The Economics Of Human Trafficking Are Staggering

According to the Department of Homeland Security (DHS), human trafficking is defined as “the use of force, fraud, or coercion to obtain some type of labor or commercial sex act.” When we think of human trafficking, we usually think of young kids and women who are forced into this type of life — whether by kidnapping or an alternate means of pressure or financial stress. But we rarely consider what human trafficking costs us all every day.

Human trafficking has hidden fees. These cost us our security, economic growth, and innocence. Even though the concept of trafficking is receiving more widespread attention, there are still around 25 million individuals trafficked globally each year. Those who would use humans to advance their own financial interests make an estimated combined $32 to $150 billion every year.

Author of Illicit Moises Naim said, “Throughout the twentieth century, to the extent that governments paid attention to illicit trade at all, they framed it — to their public, and to themselves — as the work of criminal organizations…Only recently has this mindset began to shift.”

Big American sexual abuse law firms like Paul Mones struggle to ascertain the reasons why their case loads are on the rise even as international authorities clamp down on these heinous acts.

One of the reasons that trafficking costs world economies so much is because the trafficked individuals do not produce wages or salaries. That loss is likely undersold by authorities. A Department of State Trafficking in Persons Report suggests that the loss amounts to about $325 billion per year, which is notably even higher than the estimated gains made by those who perpetrate this type of crime.

The impact on economies that rely on tourism is massive. Countries like the Dominican Republic, Haiti, Moldova, the Philippines, and Zimbabwe rely on money from overseas to stay afloat. 

Another hidden cost is covered by the healthcare, which must help reduce the impact of the years of trauma inflicted upon these exploited individuals. 

According to the Council on Foreign Relations, “Exploring the ways in which human trafficking enables terrorist and armed groups, finances criminal organizations, and supports abusive regimes…[could undermine] our collective security.”

The paper continues to state that “analyzing how the COVID-19 pandemic has amplified economic instability worldwide and increased risks of human trafficking and forced labor” is important to understand how authorities and citizens themselves can protect the exploited. COVID-19 has presented a golden opportunity for traffickers through this instability.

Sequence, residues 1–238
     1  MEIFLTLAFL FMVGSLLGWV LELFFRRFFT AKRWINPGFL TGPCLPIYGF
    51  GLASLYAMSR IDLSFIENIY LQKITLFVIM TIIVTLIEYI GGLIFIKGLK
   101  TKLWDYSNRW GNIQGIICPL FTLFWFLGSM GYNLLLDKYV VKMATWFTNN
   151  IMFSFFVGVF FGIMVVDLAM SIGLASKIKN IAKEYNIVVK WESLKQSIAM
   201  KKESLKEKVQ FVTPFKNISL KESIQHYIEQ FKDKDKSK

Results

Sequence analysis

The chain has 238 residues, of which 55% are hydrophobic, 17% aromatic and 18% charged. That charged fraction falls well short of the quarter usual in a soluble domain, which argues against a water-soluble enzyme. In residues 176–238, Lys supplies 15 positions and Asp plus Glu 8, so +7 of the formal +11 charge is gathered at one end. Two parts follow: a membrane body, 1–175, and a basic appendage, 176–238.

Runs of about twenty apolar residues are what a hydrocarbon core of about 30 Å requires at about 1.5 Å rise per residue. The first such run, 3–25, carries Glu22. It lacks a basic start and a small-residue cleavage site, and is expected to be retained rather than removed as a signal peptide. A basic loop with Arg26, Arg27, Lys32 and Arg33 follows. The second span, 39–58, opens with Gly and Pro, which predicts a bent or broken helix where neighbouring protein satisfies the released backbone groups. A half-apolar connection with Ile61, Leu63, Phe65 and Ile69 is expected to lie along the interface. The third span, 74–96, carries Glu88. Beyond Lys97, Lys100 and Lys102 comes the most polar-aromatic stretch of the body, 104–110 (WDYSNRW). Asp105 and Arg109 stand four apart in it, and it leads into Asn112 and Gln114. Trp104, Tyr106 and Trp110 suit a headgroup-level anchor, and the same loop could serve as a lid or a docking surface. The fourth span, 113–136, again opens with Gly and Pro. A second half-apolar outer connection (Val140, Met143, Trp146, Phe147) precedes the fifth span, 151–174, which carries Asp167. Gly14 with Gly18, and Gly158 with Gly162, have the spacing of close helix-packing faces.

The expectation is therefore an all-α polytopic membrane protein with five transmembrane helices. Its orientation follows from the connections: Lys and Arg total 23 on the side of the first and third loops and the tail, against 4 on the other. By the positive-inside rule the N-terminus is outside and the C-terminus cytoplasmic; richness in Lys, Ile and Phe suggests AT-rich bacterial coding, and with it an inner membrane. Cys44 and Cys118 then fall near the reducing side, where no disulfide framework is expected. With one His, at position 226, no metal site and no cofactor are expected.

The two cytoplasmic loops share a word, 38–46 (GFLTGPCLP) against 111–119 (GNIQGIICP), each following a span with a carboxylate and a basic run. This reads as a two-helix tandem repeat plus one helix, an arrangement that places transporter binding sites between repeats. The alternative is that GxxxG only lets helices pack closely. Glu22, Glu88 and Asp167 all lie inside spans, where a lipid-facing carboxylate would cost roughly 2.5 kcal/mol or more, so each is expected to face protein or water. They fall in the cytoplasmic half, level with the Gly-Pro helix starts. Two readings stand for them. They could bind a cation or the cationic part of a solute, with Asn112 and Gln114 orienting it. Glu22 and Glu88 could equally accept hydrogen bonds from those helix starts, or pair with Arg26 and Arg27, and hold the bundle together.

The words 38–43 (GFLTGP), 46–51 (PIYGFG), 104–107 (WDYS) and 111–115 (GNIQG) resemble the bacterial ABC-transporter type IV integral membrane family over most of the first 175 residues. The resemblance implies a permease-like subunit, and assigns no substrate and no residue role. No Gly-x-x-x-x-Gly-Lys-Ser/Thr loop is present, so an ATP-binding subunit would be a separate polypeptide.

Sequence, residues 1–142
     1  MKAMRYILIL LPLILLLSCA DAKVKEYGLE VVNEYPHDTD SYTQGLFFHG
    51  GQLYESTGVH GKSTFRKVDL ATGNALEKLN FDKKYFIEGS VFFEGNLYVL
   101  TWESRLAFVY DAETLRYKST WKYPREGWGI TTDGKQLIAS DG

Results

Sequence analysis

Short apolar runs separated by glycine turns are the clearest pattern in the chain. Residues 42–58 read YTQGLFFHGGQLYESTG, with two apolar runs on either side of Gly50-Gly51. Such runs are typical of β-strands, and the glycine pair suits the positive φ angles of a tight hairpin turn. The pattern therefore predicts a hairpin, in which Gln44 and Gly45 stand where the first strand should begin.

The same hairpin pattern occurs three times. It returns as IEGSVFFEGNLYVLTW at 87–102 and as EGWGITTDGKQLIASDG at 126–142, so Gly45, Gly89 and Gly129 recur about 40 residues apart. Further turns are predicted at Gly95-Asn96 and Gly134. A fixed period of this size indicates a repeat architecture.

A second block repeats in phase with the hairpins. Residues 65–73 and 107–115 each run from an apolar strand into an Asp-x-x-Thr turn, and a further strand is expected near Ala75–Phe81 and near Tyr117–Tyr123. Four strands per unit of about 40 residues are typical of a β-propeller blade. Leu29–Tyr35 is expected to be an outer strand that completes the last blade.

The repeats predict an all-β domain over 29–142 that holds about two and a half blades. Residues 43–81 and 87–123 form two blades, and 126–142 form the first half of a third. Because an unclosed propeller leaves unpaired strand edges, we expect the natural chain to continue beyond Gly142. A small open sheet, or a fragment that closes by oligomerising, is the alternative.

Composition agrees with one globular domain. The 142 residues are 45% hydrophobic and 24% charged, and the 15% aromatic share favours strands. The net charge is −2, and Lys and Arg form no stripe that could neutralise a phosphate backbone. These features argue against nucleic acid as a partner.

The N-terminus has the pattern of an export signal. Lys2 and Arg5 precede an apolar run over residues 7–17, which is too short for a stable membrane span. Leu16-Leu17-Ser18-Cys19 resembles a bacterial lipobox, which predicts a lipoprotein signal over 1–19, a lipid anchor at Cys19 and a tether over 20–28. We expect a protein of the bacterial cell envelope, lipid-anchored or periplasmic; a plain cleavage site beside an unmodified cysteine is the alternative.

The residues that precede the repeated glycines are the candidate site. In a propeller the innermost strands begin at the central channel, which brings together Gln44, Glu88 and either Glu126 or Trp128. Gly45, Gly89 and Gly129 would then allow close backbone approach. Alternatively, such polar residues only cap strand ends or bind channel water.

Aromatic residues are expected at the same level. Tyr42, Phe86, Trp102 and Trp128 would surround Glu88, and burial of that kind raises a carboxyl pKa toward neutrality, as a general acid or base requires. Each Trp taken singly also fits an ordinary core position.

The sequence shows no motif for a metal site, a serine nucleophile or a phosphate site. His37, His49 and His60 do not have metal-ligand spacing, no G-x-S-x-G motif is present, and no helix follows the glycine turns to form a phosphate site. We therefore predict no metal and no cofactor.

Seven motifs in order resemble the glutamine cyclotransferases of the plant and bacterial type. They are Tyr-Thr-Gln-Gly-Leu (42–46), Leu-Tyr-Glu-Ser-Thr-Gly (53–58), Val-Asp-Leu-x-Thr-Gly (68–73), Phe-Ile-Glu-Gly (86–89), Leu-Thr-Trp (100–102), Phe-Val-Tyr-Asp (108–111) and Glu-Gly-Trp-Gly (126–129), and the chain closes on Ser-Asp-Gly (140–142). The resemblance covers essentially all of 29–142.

Myths about human trafficking include: It only occurs in third-world countries or outside of the United States; it only occurs to those who live in poverty; sex trafficking is the same thing as human trafficking; victims must be forced/coerced; human smuggling is the same thing as human trafficking; victims always seek help when able. 

In order to fully understand human trafficking and all its implications, we must first ascertain why these misconceptions are false — and then work to educate those who still do not understand or strive to remain ignorant.

Should Undocumented Immigrants In The United States Be Allowed Driving Cards?

A routinely provided conservative argument is that undocumented immigrants (often frowned upon as “illegal immigrants,” a derrogatory, slanderous phrase), funnel cash away from our economy. They use our socialized benefits. Of course, another oft-repeated argument is that they take our jobs. How they can simultaneously use up our benefits and take our jobs is a confusing (and untrue) topic for another day. 

In any case, the state of Indiana is considering providing undocumented immigrants with the ability to retain a “driving card” after the Notre Dame Student Policy Network published a “Driving Card Privilege Project” study. The study provided insight into the possibility that driving cards for undocumented immigrants might improve many aspects of life, including: a reduced incident rate of hit-and-run accidents, improved law enforcement, increased state revenue, and increased revenue for car insurance companies.

Senate Bill 319 was presented last session, but the GOP decided not to move forward or pass the law.

The study says: “Indian’as current policy does not keep undocumented immigrants off the roads — but it does ensure that every time an immigrant drives in Indiana, they risk a citation for driving without a license and a string of legal consequences that could culminate in deportation. The current policy not only imposes significant costs on undocumented immigrants but by preventing drivers from being certified and purchasing insurance, it produces significant welfare and economic costs for all residents.”

Imagine you were in an accident with an undocumented individual (or rather, anyone who was unable to obtain insurance to cover an accident’s costs). The person runs because to do anything else would put them on the path to financial ruin. The police launch an investigation. Your insurance will only cover certain costs, but you have no one to sue. 

These are only a few of the hidden costs that add up when some residents are treated as if they don’t belong.